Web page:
MADISON — Republicans on the Legislature’s rules committee voted to break with Gov. Scott Walker and scrap his new emergency chronic wasting disease regulations for deer, calling the rules too expensive and cumbersome.
Republican state Rep. Adam Jarchow told the committee during a hearing on the regulations that the rules are “dumb” and “stupid” and Walker brought the rules forward in an effort to win votes.
“What has changed in the last three months or six months or nine months that requires an emergency response? I submit to you nothing has changed in that time,” Jarchow said. “Well, one thing has changed. There’s an election in a month. It’s a political stunt masquerading as policy.”
The Joint Committee for Review of Administrative Rules voted to suspend portions of an emergency rule that would have restricted deer carcass transportation in CWD-affected counties at its Oct. 1 meeting.
As a result, carcass transport regulation changes included in the original emergency rule, approved by the Natural Resources Board at its Aug. 8 meeting, are not in effect as previously announced.
Walker has taken pointed criticism for doing little to nothing to contain CWD and protect Wisconsin’s beloved whitetail deer during his eight years in office. With re-election looming, the governor earlier this year ordered the Department of Natural Resources to require deer farmers to upgrade fences and ban hunters from moving deer carcasses out of CWD-affected counties. The rules took effect on an emergency basis Oct. 1.
Deer farmers have balked at the cost, and lawmakers say hunters are in an uproar over the carcass movement restrictions. Sen. Steve Nass, co-chairman of the Joint Committee on Review of Administrative Rules, called the hearing Oct. 1 to vote on suspending the rules.
Nass began the proceeding by complaining that the rule will restrict hunters from bringing their deer home if they live in another county, forcing them to butcher them in the woods. He said the rule was rushed and hunters don’t know about it. He also cautioned that a new governor could come into office following the November elections and change course.
Jarchow gave a charged speech before the committee, predicting hunters will be so frustrated with the carcass movement rule they’ll just accept the citation if they’re caught moving deer across county lines.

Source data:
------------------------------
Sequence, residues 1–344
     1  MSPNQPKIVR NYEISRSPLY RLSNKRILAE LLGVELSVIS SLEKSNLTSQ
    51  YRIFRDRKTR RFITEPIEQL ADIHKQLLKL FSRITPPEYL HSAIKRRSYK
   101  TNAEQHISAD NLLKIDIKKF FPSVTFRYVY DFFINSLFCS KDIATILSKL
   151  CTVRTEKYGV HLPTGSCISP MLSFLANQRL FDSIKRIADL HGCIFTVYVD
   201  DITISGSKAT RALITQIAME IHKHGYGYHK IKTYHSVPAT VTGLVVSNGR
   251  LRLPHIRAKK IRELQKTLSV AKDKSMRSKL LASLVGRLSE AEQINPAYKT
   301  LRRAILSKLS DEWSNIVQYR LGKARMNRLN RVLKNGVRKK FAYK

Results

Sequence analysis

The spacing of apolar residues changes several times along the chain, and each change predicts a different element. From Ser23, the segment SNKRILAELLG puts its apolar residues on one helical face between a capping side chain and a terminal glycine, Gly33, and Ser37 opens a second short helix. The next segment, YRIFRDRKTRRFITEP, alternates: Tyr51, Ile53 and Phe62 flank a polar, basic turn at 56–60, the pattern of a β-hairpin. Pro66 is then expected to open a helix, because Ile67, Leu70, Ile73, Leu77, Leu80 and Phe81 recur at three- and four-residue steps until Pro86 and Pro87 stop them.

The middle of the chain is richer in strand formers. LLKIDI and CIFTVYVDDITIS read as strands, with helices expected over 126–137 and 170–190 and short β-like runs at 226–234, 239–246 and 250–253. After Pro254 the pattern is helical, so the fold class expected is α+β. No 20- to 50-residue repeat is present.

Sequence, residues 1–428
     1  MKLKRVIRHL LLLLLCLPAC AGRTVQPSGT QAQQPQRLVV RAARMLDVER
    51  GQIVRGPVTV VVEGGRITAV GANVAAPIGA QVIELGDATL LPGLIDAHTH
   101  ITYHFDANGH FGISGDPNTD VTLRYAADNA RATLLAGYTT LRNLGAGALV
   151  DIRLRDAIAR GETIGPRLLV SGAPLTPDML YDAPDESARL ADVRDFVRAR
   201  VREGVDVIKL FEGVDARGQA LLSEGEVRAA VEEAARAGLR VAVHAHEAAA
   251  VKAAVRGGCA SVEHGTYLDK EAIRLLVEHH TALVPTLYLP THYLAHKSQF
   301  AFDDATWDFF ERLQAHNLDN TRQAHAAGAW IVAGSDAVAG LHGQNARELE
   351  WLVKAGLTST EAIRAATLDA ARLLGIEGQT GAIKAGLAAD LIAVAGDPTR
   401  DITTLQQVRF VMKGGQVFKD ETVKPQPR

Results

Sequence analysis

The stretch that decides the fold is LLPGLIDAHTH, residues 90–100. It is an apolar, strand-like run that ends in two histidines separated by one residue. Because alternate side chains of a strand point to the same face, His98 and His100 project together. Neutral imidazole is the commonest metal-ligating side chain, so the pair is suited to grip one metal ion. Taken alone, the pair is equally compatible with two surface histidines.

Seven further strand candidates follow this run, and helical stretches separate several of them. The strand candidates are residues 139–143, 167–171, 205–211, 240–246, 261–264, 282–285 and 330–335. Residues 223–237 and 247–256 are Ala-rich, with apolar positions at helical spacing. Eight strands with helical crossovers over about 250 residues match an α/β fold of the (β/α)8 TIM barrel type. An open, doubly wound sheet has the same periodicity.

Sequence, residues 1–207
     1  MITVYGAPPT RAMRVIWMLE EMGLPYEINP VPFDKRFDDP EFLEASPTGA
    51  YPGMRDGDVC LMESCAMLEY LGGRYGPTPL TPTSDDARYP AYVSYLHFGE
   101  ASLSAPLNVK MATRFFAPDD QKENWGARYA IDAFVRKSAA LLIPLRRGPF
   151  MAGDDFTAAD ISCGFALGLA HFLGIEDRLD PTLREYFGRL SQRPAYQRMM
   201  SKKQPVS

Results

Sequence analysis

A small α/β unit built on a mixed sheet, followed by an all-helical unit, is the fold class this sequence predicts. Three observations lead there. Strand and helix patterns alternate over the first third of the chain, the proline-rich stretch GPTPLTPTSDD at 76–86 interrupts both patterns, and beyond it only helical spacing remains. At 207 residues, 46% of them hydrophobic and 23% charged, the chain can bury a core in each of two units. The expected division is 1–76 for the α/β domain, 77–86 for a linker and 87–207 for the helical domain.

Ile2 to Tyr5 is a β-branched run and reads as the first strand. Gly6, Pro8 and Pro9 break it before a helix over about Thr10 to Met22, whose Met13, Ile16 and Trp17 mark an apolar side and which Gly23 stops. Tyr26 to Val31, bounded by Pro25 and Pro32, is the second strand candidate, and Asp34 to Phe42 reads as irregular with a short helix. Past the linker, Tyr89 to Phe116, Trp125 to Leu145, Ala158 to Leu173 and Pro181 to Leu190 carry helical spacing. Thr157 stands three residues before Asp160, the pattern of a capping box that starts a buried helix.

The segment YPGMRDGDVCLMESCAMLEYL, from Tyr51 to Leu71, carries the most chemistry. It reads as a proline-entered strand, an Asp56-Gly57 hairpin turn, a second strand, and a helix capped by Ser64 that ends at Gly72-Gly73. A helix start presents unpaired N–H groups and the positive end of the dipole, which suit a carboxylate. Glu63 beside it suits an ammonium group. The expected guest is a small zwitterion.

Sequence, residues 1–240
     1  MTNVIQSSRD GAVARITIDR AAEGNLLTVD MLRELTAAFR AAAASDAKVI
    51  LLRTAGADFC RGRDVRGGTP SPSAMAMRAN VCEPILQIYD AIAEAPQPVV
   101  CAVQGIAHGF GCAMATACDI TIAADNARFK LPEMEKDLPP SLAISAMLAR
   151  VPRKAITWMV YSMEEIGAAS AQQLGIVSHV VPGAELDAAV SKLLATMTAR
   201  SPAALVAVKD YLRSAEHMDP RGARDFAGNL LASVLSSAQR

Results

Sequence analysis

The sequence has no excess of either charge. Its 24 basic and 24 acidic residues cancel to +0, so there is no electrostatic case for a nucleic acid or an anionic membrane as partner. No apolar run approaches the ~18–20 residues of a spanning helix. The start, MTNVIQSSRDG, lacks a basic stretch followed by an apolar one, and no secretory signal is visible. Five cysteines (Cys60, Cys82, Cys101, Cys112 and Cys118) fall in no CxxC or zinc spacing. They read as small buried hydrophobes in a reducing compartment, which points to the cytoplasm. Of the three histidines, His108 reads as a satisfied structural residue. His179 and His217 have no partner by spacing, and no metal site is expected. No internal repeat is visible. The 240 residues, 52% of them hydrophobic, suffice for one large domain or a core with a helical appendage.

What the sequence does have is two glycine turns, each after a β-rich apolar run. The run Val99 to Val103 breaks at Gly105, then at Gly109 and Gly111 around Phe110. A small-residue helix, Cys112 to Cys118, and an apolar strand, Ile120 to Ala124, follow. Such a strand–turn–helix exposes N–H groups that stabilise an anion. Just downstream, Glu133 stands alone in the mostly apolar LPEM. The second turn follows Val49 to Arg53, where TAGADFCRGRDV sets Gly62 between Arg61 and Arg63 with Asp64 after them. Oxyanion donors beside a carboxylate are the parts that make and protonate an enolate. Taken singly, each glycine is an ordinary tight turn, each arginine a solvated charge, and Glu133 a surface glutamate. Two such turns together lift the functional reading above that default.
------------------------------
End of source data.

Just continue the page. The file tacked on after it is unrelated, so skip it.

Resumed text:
“The rule is dumb,” he said. “It’s clumsily written and carries out a silly policy. It’s so stupid ...this rule won’t stop the spread of CWD but it will annoy hunters and make their sport less fun and more difficult.”
He also complained that the Legislature should take the lead and no governor should write laws. The regulations are technically administrative rules but they carry the force of law.
Asked for comment on the debate, Walker’s spokesman, Tom Evenson, said in a two-sentence email to The Associated Press that the governor has worked to protect the state’s hunting heritage and would keep working with all “interested parties” to fight CWD.
Deer farmers lined up to tell the committee that they can’t afford new fencing.
“I do not have the money to put up another fence,” Michael Gillis, a deer farmer from Suamico, told the committee. “I’m tapped out. I’m 67 years old and I’m working nights to pay the bills. We’re strapped. (CWD is) like cancer. You can eat all the right fruits and everything (but) it’s going to happen. It’s inevitable.”
The rules call for deer farms that have had a CWD infection to install a second fence or solid barrier. CWD-free farms have three options: add a second fence, add a solid barrier or add an electric fence.
The DNR has estimated that farmers with CWD positives would collectively spend about $876,365 to comply. The cheapest option for farmers with no infections would be electric fencing, but the agency estimated that would still cost a total $1.3 million. Republicans insist the costs will be dramatically higher because the estimates don’t include labor.
The rule also bans hunters from moving dead deer from CWD-affected counties unless they’re headed to taxidermists or meat processors. Fifty-five of Wisconsin’s 72 counties are considered CWD-affected, meaning they’ve either had a confirmed case or are adjacent to a county that has.